"SHE: Do you like Kipling? HE: I don't know, I've never Kippled!" If you've never read Rudyard Kipling's science fiction, then you've never Kippled.
Having achieved international fame with The Jungle Book, Captains Courageous, Kim, and his Just So Stories, in 1905 Kipling serialized a thrilling science fiction novella, With the Night Mail: A Story of 2000 A.D, in which the reader learns while following the exploits of an intercontinental mail dirigible battling foul weather about a planet-wide Aerial Board of Control, which enforces a rigid system of command and control not only in the skies (which are increasingly crowded with every manner of zeppelin) but in world affairs too.
Kipling got so excited by his own utopian vision that when the story first appeared in McClure's Magazine, it was accompanied by phony advertisements for dirigible and aeronautical products that he'd written, plus other ersatz magazine clippings. In one of these latter, we read that the Aerial Board of Control had effectively outlawed war in 1967 by "reserving to every nation the right of waging war so long as it does not interfere with traffic and all that that implies."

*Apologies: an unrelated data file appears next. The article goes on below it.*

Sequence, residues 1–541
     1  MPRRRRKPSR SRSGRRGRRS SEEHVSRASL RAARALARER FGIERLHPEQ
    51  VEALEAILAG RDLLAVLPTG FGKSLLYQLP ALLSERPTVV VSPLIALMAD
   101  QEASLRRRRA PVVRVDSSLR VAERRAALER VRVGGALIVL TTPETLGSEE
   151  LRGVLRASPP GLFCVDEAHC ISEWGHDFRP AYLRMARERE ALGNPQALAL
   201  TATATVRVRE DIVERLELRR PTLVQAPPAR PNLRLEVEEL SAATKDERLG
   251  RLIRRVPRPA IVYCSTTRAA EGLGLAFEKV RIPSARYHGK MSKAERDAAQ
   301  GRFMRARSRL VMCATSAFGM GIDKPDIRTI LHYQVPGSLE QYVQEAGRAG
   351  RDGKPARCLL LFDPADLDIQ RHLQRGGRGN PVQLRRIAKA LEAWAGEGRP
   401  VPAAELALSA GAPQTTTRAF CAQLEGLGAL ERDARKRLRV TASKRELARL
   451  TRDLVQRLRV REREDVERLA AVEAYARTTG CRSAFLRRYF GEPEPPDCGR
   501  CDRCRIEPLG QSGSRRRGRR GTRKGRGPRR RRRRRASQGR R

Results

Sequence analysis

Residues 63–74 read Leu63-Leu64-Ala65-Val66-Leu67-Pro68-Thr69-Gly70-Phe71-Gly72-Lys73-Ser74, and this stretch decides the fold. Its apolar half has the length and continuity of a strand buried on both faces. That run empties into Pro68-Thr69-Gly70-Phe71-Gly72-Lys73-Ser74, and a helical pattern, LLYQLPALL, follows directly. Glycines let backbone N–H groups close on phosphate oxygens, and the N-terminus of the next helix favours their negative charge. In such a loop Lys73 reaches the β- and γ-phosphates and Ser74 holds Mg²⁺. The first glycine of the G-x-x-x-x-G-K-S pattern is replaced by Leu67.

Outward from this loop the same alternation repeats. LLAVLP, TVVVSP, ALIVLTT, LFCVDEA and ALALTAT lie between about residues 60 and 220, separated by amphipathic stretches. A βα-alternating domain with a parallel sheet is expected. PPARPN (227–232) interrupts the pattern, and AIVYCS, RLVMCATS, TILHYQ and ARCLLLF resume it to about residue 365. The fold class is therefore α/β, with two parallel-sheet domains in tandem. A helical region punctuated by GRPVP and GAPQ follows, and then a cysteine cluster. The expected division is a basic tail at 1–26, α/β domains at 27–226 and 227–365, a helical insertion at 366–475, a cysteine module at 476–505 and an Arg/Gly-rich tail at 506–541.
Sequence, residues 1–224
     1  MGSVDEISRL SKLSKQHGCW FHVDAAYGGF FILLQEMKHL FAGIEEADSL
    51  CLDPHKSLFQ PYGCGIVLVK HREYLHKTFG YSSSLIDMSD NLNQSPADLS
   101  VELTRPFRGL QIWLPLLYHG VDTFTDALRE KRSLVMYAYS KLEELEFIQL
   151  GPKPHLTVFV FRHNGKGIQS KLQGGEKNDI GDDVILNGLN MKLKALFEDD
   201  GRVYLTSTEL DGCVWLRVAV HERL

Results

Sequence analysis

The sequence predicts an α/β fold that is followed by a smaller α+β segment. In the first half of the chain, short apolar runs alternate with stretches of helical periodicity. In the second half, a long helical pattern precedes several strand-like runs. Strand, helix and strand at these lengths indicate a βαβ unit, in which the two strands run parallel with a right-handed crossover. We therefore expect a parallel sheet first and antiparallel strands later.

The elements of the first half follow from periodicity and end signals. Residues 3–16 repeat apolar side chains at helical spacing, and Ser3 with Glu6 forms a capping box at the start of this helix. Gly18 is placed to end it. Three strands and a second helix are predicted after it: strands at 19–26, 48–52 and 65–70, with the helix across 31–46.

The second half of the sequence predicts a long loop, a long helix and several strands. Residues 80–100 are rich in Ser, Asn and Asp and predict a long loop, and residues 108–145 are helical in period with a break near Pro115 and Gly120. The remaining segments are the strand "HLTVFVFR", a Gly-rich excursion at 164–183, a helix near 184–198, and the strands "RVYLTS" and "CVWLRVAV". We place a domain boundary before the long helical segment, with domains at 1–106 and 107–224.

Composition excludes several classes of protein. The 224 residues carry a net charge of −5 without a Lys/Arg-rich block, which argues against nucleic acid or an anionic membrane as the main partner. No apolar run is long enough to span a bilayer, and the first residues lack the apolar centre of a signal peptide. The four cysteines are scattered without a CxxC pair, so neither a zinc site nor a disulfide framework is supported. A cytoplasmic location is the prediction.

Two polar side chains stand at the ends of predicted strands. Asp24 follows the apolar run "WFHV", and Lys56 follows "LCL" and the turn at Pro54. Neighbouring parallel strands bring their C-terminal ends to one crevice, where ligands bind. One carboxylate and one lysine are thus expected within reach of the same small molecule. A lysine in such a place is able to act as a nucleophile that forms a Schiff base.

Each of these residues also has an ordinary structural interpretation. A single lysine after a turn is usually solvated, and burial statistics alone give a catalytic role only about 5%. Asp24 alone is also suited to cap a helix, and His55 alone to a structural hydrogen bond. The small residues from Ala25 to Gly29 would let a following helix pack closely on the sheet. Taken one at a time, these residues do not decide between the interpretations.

This turns out to imply a great deal! In Kipling's 1912 followup story, "As Easy As A.B.C.," which is set 65 years after With the Night Mail, we learn just how complete the Aerial Board's control is over the social and economic affairs of every nation. When a mob of disgruntled "Serviles" in the District of Northern Illinois demands the return of democracy, the A.B.C. sends a team of troubleshooters (from England, Russia, Japan, and Italy) and a fleet of 200 zeppelins to "take such steps as might be necessary for the resumption of traffic and all that that implies." Democracy, it seems, is an impediment to the smooth flow of international commerce so it was abolished during the 20th century, along with newspapers.
What happens when the A.B.C. troubleshooters confront the democrats? Trouble!